The Day of the Jackal

The Day of the Jackal ★★★★½

“They shoot like pigs.”
-Charles de Gaulle

The Day of the Jackal is the most low key epic ever created, like one of Cecil B. DeMille grandiose bible adventure but set inside someone’s kitchen. Frederick Forsyth's 1971 novel was the bases for the film, which depicts the travels of a hit man with a contract on the French president, as well as the manhunt for him. Two and a half hours of slowly building tension, that spends much of the time attempting to profile an emotional void. The best thing I can say about any film is that it’s unique; and there has never been another Day of the Jackal – even when there was.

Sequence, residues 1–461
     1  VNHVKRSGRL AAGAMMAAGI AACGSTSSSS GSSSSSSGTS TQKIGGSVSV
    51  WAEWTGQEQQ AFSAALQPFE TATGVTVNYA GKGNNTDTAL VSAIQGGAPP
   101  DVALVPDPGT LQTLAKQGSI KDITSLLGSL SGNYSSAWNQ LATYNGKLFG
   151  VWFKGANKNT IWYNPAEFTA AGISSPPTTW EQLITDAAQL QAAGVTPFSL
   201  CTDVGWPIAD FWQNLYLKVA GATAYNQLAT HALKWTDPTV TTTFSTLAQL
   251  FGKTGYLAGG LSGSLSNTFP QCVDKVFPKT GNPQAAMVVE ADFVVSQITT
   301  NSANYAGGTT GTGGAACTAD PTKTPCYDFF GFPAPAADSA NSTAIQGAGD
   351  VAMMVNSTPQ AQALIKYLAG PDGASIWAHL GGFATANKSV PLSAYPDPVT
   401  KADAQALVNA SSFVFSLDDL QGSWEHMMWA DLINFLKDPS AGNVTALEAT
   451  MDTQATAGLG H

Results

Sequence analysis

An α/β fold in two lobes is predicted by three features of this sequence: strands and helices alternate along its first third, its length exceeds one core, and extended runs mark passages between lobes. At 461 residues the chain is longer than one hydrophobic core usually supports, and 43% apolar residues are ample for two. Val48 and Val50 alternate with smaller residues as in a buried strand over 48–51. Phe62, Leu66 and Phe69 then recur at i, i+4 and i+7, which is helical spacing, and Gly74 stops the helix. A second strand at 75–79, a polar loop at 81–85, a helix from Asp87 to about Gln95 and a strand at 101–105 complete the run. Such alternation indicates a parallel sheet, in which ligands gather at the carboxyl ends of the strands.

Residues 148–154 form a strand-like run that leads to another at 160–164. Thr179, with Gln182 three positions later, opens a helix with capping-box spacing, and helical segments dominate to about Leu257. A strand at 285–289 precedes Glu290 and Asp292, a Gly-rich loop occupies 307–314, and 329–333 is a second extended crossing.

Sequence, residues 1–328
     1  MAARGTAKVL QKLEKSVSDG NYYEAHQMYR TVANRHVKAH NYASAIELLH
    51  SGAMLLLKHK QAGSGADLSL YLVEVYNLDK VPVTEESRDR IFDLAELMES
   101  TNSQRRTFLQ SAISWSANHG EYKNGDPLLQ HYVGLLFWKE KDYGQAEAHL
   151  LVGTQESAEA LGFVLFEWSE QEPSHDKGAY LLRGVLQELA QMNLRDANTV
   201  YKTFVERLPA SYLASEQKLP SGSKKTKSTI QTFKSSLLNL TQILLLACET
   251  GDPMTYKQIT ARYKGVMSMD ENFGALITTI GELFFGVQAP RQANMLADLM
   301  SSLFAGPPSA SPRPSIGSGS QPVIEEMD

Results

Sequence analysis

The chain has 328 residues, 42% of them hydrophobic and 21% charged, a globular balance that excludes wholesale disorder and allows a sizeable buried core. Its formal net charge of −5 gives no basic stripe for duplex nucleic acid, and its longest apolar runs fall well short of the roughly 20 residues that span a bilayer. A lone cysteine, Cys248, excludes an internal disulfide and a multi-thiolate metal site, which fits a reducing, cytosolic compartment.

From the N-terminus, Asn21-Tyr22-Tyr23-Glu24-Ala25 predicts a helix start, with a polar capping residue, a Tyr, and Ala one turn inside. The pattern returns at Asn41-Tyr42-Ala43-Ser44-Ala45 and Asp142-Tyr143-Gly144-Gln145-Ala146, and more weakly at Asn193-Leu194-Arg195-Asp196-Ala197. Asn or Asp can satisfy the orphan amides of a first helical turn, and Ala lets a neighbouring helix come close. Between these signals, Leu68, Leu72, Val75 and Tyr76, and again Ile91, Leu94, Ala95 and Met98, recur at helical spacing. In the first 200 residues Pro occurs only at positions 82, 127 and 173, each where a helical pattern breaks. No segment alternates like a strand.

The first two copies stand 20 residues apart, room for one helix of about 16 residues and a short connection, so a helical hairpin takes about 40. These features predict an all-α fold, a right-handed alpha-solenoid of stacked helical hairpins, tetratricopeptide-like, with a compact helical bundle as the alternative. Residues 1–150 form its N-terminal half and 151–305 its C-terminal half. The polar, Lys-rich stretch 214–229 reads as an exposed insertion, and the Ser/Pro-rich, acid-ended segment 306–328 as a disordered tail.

My Fox brothers role of choice remains James in Performance (1970), but I have an immense fondness for Edward Fox that would make me a gushing Jackal fan – even if the film weren’t brilliant (which it is). The elder Fox’s most prominent roles are attached to minimal screen time. His five-minute reaction scene in Ghandi (1982) might be an artistic high, but it just makes the amount of screen time Fox enjoys here, a larger treat. A slow burn with a blinding flame.

Rewatched with the Collab.

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